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2009 Dodge Journey, CUV

A crossover is a vehicle built on a car platform and borrowing features of a traditional Sport Utility Vehicle (SUV).

In contrast to traditional SUV's, which employ body on frame, crossovers employ a car's unibody construction. The crossover combines, in highly variable degree, design features from an SUV such as tall interior packaging, high H-point seating, high ground-clearance, or all-wheel-drive capability — with design features from an automobile such as independent rear suspension, car-like handling and fuel economy.

Crossovers are typically designed for only light off-road capability, if any at all.[1]



2007 Saturn Outlook XR

The term crossover began as a marketing term,[2] and a 2008 CNNMoney article indicated that "many consumers can't tell the difference between an SUV and a crossover."[1] A January, 2008 Wall Street Journal article called crossovers "wagons that look like sport utility vehicles but ride like cars."[3]

The market segment spans a wide range of vehicles. In some cases, manufacturers have marketed vehicles as crossovers simply to avoid calling them station wagons.[4] And while some crossover vehicles released in the early 2000s resembled traditional SUVs or wagons, others have prioritized sportiness over utility — such as the Infiniti FX and BMW X6.[5][6]

While the segment has notable historical antecedents, it came into strong visibility in the US by 2006, when crossover sales "made up more than 50% of the overall SUV market."[7] Sales in the crossover market segment increased in 2007 by 16%.[3] Notably in the US, the crossover segment is one of the passenger vehicle market segments where import brands lead domestic brands, as domestic manufacturers were slow to switch from their emphasis on light truck-based SUVs, and as foreign automakers developed crossovers particularly for the US market, as an alternative to station wagons which are unpopular there.[1] The segment has strong appeal to aging baby boomers.[1]

Crossover examples

The broad spectrum of crossovers includes:

A short list of current crossovers with their platform genealogy (similar vehicles are grouped together):

Model(s) Platform
Acura MDX Honda mid-size "CD" platform[9] (Honda Accord)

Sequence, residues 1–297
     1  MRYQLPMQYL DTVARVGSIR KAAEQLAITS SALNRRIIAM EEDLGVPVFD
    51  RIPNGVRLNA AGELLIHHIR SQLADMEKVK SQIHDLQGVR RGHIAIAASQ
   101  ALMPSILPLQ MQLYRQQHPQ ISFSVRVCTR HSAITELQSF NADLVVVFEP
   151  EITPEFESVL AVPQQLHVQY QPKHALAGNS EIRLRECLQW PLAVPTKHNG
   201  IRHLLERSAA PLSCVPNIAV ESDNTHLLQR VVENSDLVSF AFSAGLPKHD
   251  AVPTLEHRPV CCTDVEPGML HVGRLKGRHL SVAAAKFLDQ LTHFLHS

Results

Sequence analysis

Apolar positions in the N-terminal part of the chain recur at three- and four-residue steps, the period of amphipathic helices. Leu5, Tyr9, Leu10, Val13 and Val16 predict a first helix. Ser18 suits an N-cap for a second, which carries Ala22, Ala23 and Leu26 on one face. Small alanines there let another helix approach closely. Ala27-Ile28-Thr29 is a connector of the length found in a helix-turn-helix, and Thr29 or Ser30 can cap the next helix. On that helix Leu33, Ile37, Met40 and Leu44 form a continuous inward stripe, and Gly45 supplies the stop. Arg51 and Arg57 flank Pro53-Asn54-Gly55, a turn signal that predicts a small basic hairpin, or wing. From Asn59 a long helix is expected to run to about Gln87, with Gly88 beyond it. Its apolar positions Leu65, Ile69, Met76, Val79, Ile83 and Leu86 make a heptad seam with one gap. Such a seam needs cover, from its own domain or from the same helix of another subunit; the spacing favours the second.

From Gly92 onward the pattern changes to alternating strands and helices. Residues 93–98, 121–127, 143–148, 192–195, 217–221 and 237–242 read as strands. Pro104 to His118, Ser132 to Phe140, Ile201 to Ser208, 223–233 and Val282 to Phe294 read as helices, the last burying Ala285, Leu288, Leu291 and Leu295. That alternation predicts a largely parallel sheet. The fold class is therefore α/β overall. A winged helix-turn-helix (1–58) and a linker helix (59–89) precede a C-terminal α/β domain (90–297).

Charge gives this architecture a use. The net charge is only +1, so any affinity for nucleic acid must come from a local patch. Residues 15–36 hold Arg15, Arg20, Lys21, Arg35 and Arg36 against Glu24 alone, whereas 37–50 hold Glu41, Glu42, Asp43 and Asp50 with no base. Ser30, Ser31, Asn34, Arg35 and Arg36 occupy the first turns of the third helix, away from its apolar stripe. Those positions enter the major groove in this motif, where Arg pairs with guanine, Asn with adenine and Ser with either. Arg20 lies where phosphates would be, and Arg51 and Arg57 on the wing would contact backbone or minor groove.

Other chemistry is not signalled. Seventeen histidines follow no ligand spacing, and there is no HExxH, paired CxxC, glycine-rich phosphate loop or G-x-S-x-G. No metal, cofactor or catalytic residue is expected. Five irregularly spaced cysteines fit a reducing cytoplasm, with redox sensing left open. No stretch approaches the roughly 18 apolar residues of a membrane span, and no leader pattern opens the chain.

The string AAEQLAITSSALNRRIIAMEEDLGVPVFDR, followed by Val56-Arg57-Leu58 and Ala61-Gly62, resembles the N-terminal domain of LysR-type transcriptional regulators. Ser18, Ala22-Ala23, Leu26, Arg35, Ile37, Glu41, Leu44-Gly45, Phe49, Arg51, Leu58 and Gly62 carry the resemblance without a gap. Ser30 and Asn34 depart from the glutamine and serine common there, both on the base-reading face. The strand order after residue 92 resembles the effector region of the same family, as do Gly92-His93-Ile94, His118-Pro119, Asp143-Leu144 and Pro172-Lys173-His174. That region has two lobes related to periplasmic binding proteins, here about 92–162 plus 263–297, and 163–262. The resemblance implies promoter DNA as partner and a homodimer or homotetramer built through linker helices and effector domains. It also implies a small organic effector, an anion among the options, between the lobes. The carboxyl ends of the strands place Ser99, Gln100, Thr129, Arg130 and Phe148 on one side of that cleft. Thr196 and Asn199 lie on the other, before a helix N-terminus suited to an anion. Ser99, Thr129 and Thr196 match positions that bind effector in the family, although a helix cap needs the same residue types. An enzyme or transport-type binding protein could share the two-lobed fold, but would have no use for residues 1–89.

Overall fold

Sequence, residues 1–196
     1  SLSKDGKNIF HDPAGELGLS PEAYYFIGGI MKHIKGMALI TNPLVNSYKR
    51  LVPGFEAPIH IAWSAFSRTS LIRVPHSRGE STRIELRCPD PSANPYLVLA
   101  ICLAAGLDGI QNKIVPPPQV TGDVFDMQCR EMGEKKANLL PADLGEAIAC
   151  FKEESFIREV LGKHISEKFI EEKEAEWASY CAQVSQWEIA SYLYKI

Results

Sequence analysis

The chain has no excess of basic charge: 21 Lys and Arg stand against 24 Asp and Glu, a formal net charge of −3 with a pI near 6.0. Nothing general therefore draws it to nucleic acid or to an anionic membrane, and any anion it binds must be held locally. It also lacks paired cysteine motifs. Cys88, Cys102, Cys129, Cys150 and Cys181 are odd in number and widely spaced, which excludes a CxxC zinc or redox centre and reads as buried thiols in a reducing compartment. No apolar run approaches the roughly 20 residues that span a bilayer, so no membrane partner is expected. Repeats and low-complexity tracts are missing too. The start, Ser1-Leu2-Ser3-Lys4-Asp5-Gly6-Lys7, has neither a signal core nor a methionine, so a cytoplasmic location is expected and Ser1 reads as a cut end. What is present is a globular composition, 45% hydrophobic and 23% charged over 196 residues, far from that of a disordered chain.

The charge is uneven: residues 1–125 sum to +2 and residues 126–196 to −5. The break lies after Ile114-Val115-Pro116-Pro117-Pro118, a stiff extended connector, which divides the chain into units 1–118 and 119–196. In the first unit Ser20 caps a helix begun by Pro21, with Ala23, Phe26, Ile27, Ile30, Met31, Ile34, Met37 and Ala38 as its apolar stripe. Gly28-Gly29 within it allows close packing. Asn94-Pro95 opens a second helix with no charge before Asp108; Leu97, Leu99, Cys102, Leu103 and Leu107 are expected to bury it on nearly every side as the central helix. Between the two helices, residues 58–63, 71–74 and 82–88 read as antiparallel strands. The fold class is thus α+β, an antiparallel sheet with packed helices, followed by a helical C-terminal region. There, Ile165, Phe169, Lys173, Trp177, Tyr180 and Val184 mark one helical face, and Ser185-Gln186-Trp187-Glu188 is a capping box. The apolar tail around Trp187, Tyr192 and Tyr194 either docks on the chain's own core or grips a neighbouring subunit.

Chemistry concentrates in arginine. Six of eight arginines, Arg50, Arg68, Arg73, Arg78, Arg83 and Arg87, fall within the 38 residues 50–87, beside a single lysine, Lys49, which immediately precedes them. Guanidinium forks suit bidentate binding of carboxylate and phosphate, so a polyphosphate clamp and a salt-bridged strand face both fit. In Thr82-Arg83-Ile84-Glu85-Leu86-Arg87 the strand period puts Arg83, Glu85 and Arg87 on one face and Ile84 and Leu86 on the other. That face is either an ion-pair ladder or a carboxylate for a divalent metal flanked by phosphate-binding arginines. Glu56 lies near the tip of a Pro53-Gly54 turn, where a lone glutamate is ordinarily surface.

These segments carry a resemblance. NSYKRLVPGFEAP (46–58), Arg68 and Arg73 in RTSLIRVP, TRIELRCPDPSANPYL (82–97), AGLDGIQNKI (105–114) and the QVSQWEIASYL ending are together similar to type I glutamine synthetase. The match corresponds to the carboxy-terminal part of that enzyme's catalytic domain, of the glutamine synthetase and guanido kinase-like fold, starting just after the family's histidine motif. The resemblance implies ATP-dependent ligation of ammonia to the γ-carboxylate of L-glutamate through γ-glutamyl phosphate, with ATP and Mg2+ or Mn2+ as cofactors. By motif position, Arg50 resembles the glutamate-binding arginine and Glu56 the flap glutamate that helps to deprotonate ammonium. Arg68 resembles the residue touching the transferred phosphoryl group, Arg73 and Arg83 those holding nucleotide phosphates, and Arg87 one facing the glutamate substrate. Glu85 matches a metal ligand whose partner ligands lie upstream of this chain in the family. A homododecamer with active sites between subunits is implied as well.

Acura RDX Honda compact "C" platform[9] (Honda Civic)
Acura ZDX Honda mid-size "CD" platform[9] (Honda Accord)
Audi Allroad Volkswagen Group C5 platform
Audi Q5 Volkswagen Group B platform
Audi Q7 Volkswagen Group C platform (Audi A6)
BMW X3 BMW 3 Series
BMW X5 BMW 5 series
Buick Enclave/Chevrolet Traverse/GMC Acadia/Saturn Outlook GM Lambda platform
Buick Rendezvous GM U platform
Cadillac SRX Sigma platform (Cadillac CTS/STS)
Chevrolet Captiva/Saturn Vue GM Theta platform
Chevrolet Equinox GM Theta platform
Chrysler Pacifica Chrysler CS platform (Chrysler Town and Country/Dodge Caravan)
Dacia Duster Nissan B / Dacia B0 platform (Dacia Logan)
Dodge Journey Mitsubishi GS platform (Dodge Avenger)
Ford Escape/Mazda Tribute/Mercury Mariner Ford CD2 platform
Ford Ecosport Ford B3 platform (Ford Fiesta)
Ford Flex Ford D4 platform
Ford Explorer (5th generation) Ford D4 platform
Ford Taurus X / Ford Freestyle Ford D3 platform (Ford Five Hundred/Taurus)
Ford Territory Ford Falcon
Holden Adventra/HSV Avalanche Holden Commodore
Holden Crewman/HSV Avalanche XUV Holden Commodore
Honda CR-V Honda compact "C" platform[9] (Honda Civic)
Honda Element Honda compact "C" platform[9] (Honda Civic)
Honda Pilot Honda mid-size "CD" platform[9] (Honda Accord)
Honda Crosstour Honda mid-size "CD" platform[9] (Honda Accord)
Hyundai Tucson/Kia Sportage (2nd Generation) Hyundai Elantra
Hyundai Santa Fe/Hyundai Veracruz/Kia Sorento (2nd Generation) Hyundai Sonata
Infiniti EX Nissan FM platform
Infiniti FX Nissan FM platform (Infiniti G35)
Jeep Compass/Jeep Patriot Mitsubishi GS platform
Jeep Grand Cherokee (fourth generation)
Lexus RX Toyota Camry
Lincoln MKX/Ford Edge Ford CD3 platform (Lincoln Zephyr/MKZ, Ford Fusion)
Mazda CX-7 Mazda 6
Mazda CX-9 Ford CD3 platform (Mazda MPV)
Mercedes-Benz GL-Class
Mercedes-Benz GLK-Class Mercedes-Benz W204
Mercedes-Benz M-Class (second generation)
Mitsubishi Endeavor Mitsubishi Galant
Mitsubishi Outlander Mitsubishi Lancer
Nissan Murano Nissan D platform (Nissan Altima)
Nissan Rogue Nissan C platform (Nissan Sentra)
Nissan X-Trail Nissan C platform (Nissan Sentra)
Porsche Cayenne Volkswagen Group C platform (Audi A6)
Peugeot 3008 Peugeot 308
Škoda Octavia Scout Volkswagen Group A platform
Subaru Forester Subaru Impreza
Subaru Outback Subaru Legacy
Subaru Tribeca Subaru Legacy
Suzuki SX4 Suzuki Swift
Suzuki Grand Vitara (Second generation) Suzuki SX4
Suzuki XL7 (Second generation) Chevrolet Equinox
Toyota RAV4 Toyota Corolla
Toyota Highlander/Kluger Toyota Camry
Toyota Venza Toyota Camry
Volkswagen Touareg Volkswagen Group C platform (Audi A6)
Volkswagen Tiguan Volkswagen Group A platform (Volkswagen Golf)
Volvo XC60 Ford EUCD platform
Volvo XC70 Ford EUCD platform
Volvo XC90 Ford D3 platform (Volvo S80)

See also


  1. ^ a b c d "GM and Ford's New Cross to Bear"., Chris Isidore, January 9, 2006. 
  2. ^ "Smart Buying Essentials What is a Crossover Vehicle?". 
  3. ^ a b "Crossover Market Is Thinly Sliced". The Wall Street Journal, January 14, 2008. 
  4. ^ "Definition of Crossover Utility Vehicle". 2009-09-17. Retrieved 2009-10-13. 
  5. ^ "Inifiti FX35 Review (MY 2010)". 2009. Retrieved 2010-01-21. 
  6. ^ David Thomas (2008-09-15). "2009 Infiniti FX35". Retrieved 2010-01-21. 
  7. ^ "Crossover vehicles pass up SUVs on road to growing sales". USAtoday, 5/3/2006, Sharon Silke Carty. 
  8. ^ Huffman, John. "A sleek “CUV” with youthful imagination - 2003 Toyota Matrix". The Car Connection. Retrieved 2008-04-26. 
  9. ^ a b c d e f g Haines, Steven (2008). The Product Manager's Desk Reference. McGraw-Hill. p. 13-14. ISBN 9780071591348. Retrieved 2010-01-29. 


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